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Background and Identification
The Honda Civic is a line of cars first produced by Honda in 1972 as subcompact vehicles. The Civic gave Honda its first market success with a standard compact car. Civic has undergone ten generational changes, becoming more upscale and larger. The sixth-generation Honda Civic was introduced in 1995. It retained its class-leading handling as it, along with the fourth and fifth generations, had front double wishbone suspension, the advanced independent suspension inspired by Honda's racing research.
The sixth-generation Honda Civic was introduced as three-door hatchback, four-door sedan, and two-door coupe body styles. Depending on the market, five-door liftbacks and station wagons were also available. In 1995, the Civic won the Car of the Year Japan award for the third time. Civics in this generation include front-engine and front-wheel-drive or four-wheel-drive layouts. Each variant of the Civic includes several trim levels depending on the market. The CX trim level, for instance, was only available as a hatchback and was the base trim package. The EX trim level, however, was available as a coupe or sedan and included a higher-horsepower engine, power sunroof, air conditioning, and a remote entry system. Other trim levels include the DX, LX, HX, GX, and VP.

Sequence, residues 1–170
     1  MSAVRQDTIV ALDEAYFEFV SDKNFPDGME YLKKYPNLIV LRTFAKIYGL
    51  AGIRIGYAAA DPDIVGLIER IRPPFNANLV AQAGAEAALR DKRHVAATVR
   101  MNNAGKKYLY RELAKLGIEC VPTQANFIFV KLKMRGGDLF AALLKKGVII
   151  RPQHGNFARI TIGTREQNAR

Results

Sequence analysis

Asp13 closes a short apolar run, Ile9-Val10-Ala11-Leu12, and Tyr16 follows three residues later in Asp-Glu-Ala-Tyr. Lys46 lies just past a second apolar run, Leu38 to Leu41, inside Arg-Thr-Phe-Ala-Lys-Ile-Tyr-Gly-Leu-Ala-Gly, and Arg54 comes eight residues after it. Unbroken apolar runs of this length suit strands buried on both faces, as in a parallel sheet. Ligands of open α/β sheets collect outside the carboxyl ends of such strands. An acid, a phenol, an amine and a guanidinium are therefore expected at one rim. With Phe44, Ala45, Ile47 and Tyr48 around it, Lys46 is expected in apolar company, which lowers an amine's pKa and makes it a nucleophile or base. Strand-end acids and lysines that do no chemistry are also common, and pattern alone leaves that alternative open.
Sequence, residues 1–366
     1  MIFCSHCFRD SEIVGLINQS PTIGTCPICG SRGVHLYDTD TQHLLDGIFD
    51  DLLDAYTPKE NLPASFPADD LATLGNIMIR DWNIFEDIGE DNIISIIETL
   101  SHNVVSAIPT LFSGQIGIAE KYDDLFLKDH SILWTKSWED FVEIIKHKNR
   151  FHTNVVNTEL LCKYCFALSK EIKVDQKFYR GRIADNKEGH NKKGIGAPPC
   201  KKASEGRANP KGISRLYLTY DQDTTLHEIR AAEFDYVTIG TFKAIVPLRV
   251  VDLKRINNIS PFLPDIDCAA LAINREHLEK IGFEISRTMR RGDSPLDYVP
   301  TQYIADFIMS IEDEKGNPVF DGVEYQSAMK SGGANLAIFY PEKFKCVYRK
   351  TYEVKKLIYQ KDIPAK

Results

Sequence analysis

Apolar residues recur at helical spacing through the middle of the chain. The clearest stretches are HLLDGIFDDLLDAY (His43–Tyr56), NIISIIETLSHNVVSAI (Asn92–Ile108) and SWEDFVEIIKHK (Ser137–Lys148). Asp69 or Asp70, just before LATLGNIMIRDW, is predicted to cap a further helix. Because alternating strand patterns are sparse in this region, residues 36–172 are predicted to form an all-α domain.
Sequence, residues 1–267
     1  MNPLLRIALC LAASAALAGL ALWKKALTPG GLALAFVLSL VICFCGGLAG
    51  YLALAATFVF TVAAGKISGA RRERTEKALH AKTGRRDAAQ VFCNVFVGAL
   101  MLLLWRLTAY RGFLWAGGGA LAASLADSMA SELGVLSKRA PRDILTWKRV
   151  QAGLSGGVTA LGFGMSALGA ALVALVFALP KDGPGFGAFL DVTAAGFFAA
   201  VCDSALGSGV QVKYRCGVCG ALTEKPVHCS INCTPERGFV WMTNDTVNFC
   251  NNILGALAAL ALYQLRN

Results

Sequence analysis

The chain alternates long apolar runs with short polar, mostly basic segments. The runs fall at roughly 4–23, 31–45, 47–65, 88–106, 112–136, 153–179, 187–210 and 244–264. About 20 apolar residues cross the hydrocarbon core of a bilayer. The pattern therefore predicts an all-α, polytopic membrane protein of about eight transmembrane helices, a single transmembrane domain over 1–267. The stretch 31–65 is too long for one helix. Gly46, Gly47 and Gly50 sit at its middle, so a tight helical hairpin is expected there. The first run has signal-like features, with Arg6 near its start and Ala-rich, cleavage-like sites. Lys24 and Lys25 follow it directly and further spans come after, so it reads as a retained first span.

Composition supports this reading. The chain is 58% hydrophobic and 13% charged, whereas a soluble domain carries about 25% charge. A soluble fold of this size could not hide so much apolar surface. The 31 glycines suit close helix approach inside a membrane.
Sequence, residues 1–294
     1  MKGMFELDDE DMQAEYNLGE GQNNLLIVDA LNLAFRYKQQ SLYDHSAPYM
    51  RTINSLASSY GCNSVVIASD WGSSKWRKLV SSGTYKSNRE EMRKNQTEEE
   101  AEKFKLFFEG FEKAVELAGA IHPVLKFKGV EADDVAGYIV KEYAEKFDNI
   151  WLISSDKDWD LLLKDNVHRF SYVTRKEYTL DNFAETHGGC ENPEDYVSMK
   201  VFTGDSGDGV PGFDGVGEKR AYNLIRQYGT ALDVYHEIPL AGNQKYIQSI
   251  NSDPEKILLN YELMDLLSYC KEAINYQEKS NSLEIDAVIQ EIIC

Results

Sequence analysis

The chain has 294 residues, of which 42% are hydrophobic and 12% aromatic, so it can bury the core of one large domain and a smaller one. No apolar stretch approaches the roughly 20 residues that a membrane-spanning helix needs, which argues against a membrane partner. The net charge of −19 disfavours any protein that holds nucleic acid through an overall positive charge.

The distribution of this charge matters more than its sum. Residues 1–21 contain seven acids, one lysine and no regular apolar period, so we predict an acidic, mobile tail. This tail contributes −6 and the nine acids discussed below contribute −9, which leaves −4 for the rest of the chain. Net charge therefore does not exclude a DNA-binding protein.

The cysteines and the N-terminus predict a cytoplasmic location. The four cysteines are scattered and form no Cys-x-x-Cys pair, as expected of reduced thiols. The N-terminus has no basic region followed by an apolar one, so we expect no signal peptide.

Honda automobiles can be identified by the Honda emblem, which depicts an ‘H’ inside a rectangle with soft corners. Honda Civic vehicles in the Americas also include an emblem on the left side of the rear end of the car, which depicts the name ‘Civic’ in capital letters. The trim level name is generally included in capital letters on the rear of the car.